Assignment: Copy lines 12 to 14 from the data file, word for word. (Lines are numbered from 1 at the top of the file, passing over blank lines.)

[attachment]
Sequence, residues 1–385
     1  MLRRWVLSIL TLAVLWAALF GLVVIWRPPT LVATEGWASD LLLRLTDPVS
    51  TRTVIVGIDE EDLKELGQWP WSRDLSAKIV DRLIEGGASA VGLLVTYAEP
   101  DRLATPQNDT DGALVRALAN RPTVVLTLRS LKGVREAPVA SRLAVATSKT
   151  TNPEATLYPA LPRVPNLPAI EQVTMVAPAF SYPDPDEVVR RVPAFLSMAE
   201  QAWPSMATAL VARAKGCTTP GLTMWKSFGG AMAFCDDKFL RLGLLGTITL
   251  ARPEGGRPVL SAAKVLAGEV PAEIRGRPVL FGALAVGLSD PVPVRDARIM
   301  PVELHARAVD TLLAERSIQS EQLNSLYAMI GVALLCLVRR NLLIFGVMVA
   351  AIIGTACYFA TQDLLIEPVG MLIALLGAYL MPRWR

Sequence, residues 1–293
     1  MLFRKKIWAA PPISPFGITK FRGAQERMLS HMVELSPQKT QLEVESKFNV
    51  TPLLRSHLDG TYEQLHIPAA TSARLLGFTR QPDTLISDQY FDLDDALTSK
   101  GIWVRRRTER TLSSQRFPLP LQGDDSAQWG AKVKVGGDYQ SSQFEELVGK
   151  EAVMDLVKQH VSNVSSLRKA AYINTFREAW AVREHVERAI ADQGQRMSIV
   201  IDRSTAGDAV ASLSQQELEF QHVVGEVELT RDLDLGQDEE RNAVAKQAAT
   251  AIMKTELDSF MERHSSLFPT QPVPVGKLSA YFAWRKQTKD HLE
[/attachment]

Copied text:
    51  TPLLRSHLDG TYEQLHIPAA TSARLLGFTR QPDTLISDQY FDLDDALTSK
   101  GIWVRRRTER TLSSQRFPLP LQGDDSAQWG AKVKVGGDYQ SSQFEELVGK
   151  EAVMDLVKQH VSNVSSLRKA AYINTFREAW AVREHVERAI ADQGQRMSIV